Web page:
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Posts Tagged ‘Ron Czerwien’

Scales

January 28, 2010 3 comments

by Ron Czerwien

My father keeps shifting
positions, searching for some relief.
From my spare room he calls out
nearly every hour. Each time
I cradle his boney frame
we move together, by increments,
from head to foot and back again
on a rented hospital bed.
I feel his vertebra in the palm of my hand.

The tips of my fingers recall
every delicate bone lifted
from the open bellies of Northern Pike,
Blue Gills, Small Mouth Bass.
Scales on my face and chest,
I scrape the cutting board
with my bloody knife. A pile of entrails
and fish heads. Skeletons
with clinging bits of flesh.
I wrap everything in the local paper
and throw it as hard as I can
in the direction of a gully
slit from end to end by darkness.

At night I wake to his sighs
as the small hands of raccoons
peel back the yellowed newsprint
his skin has become. They run
his bones between their teeth.


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Ron Czerwien is the owner of Avol’s, a used and out-of-print bookstore in Madison, Wisconsin. His poems have appeared online in Moria, Shampoo, nth position, and other journals. The questions most frequently asked by his customers can be found here.

Categories: Health Tags:

Naming the Flowers

September 29, 2009 5 comments

by Ron Czerwien

Mother’s Affliction
Inflamed Iris
Lady Sliver
Cemetery Skin
Prickly Bitch
Wad-of-Red-Cellophane
Queen Anne’s Head
Dab-of-pus
Fuckin-thorn
Deadly Lampshade
Bachelor’s Buttocks
Vining-Back-Hair
Whimpering Pansy
Face-down-in-the-muck
Lone Gunman
Flowering Chest Wound
Hateful Neighbor
Jack-in-the-forehead
House-in-flames
Swan Parts
Angel’s “Trumpet”
Touch-me-here
Bloody Ha Ha
Silver Phlegm
Purple Discharge
Sweet Tumor
Wild Corpse
Annual Contagion
Baby’s Claw
Dainty Hemorrhage
Everlasting-facial-tick
Surgical Mishap
Stitched Eye Sack
Mucus Cups
Tainted Tongue
Creepy Jennie
Broom-rape
Black-eyed Mistress
Yew Prick
Joe Pie

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Ron Czerwien is the owner of Avol’s, a used and out-of-print bookstore in Madison, Wisconsin. His poems have appeared online in Moria, Shampoo, nth position, and other journals. The questions most frequently asked by his customers can be found here.

Categories: Words of Power Tags:

Why No One Saw It Coming

February 28, 2009 7 comments

The accelerating street was wet light
and we were, impossibly, on ledges
talking down the suicides,

disarming the shooters on their way to school,
the night’s echolocation
giving way to

the heart’s,
and though a signal is not an answer

sometimes even a glimpse of the Divine Yes
is enough,
the quick of it
almost mocking

a life laboring to break
bewilderment’s code.

What if we took in the street preacher?
Silenced the fortune teller?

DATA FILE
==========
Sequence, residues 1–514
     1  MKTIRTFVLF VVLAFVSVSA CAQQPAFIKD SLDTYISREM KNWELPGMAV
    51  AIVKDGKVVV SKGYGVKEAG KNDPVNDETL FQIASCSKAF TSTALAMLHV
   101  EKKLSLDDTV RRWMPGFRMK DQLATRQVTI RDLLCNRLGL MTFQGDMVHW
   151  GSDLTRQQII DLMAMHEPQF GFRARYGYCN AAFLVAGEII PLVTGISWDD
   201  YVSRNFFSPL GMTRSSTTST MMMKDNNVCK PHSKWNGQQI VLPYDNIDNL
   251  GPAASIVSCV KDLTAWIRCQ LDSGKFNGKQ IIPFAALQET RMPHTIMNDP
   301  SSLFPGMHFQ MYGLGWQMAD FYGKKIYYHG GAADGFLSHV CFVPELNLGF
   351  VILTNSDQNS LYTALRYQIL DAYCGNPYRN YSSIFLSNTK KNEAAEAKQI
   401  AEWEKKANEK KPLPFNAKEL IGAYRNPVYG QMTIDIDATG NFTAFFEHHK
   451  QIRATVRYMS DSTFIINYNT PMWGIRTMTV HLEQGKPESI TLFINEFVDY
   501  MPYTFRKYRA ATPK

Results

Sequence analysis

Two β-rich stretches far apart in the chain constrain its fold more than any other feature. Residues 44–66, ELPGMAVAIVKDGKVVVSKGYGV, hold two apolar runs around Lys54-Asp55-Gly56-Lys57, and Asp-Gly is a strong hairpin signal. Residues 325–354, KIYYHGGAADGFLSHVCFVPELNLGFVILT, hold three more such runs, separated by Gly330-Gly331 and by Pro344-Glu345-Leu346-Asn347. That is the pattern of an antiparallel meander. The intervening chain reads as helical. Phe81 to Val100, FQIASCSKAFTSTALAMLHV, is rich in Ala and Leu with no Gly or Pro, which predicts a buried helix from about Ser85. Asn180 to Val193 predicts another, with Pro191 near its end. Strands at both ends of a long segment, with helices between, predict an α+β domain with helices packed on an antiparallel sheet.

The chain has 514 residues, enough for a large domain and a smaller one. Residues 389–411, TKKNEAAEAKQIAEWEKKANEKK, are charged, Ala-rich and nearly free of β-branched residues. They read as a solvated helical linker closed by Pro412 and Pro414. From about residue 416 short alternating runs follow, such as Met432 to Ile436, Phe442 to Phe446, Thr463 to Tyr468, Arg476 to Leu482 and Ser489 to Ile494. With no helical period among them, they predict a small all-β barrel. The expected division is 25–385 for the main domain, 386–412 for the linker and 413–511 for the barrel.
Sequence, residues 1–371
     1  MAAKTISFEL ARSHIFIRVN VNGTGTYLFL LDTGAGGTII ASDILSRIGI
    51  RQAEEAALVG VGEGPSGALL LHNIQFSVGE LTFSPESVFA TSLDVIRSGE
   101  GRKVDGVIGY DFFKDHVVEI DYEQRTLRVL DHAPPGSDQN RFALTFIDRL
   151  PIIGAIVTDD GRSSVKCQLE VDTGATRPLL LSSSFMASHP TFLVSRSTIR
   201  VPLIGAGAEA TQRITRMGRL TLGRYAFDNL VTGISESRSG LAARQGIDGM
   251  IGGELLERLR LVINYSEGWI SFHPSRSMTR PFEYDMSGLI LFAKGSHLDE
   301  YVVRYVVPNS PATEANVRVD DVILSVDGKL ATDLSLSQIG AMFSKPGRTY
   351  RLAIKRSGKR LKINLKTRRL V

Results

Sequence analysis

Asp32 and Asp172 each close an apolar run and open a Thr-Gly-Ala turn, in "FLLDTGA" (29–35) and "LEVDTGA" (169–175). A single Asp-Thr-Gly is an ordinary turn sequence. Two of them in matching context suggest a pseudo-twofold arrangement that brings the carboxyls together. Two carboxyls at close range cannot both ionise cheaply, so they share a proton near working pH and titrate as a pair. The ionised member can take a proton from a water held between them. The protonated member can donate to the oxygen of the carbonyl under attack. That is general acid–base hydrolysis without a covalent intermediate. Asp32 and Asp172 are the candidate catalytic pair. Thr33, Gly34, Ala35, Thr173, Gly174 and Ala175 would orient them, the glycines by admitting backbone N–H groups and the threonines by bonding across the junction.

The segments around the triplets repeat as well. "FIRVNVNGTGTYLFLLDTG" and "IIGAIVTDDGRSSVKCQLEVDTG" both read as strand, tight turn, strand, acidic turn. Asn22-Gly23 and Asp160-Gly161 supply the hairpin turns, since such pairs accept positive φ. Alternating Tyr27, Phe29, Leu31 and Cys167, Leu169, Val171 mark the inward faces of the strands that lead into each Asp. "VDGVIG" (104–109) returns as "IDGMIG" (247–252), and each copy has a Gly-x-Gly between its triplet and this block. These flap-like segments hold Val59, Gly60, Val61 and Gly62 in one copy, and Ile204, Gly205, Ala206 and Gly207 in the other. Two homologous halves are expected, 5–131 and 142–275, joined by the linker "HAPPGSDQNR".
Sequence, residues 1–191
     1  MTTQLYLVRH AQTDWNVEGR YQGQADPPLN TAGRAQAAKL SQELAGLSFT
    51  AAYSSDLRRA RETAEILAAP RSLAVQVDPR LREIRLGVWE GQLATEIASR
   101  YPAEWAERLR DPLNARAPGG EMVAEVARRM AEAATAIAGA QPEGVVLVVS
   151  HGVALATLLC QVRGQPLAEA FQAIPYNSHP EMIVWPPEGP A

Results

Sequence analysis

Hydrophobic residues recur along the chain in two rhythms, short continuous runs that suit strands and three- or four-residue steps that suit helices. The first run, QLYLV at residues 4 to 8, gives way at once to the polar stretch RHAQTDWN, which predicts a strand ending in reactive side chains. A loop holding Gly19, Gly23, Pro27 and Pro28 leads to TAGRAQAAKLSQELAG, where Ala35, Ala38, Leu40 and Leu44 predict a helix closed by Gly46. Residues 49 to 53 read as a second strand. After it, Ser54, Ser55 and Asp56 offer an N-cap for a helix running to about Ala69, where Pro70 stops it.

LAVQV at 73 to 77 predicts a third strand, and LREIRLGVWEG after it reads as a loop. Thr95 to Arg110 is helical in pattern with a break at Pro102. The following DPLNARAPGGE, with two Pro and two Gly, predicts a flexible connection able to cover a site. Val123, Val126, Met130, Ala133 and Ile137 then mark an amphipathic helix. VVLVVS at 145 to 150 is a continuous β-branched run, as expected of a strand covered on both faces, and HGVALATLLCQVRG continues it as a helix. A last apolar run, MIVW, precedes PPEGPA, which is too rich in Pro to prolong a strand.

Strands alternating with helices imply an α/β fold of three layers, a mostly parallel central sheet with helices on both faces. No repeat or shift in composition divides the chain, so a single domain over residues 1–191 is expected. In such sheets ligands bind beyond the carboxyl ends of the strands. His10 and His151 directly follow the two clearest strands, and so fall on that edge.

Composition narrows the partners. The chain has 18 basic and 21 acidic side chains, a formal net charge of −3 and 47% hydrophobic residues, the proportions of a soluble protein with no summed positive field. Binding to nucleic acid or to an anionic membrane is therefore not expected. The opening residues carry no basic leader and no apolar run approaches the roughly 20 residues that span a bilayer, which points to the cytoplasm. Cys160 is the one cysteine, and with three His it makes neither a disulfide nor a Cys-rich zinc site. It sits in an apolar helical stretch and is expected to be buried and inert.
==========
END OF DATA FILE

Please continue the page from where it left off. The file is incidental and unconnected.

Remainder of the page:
Laid off
each sure thing?

Maybe all we need to remember is how
to call the sun up
or pin down the moon.

Maybe we’re merely steps
away from nowhere.

by Susan Elbe and Ron Czerwien

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Process notes

The process began one evening while we were browsing the fiction display at our local Borders Bookstore. One of us suggested that some of the book titles might make good titles for collaborative poems. Ron chose the title from that list and also submitted the first line. We then composed the poem strictly via e-mail. Early on Ron asked if we should offer edits during the process, but Susan felt we’d lose the energy of the exchange. So we simply continued to alternate lines. The varying line lengths and freer use of white space were Susan’s ideas. Ron followed her lead. Susan’s poems are replete with words that are surprising but never arbitrary. Ron offers as a good example of this her use of “echolocation.” Ron’s post-modern leanings stretched Susan’s approach.

Our biggest stumbling block was sticking with it. Our busy lives and other work intruded, and we constantly had to prod each other to come back to the collaboration. There were long periods when both of us struggled to come up with the right line, one that would not only carry forward what came before but also lead towards a felt, though always unknown, conclusion. The poem even includes a line Ron appropriated from a poem by Rae Armantrout, who he was reading at the time of the collaboration. Oddly enough, all of our lines survived editing! We each thought very carefully about what psychic gift we were sending the other person. Susan loved anticipating what the next line from Ron would be. Both of us think it’s important to collaborate with someone whose work and sensibility you enjoy and respect, but having different styles makes it more interesting. We hope to do more together in the future.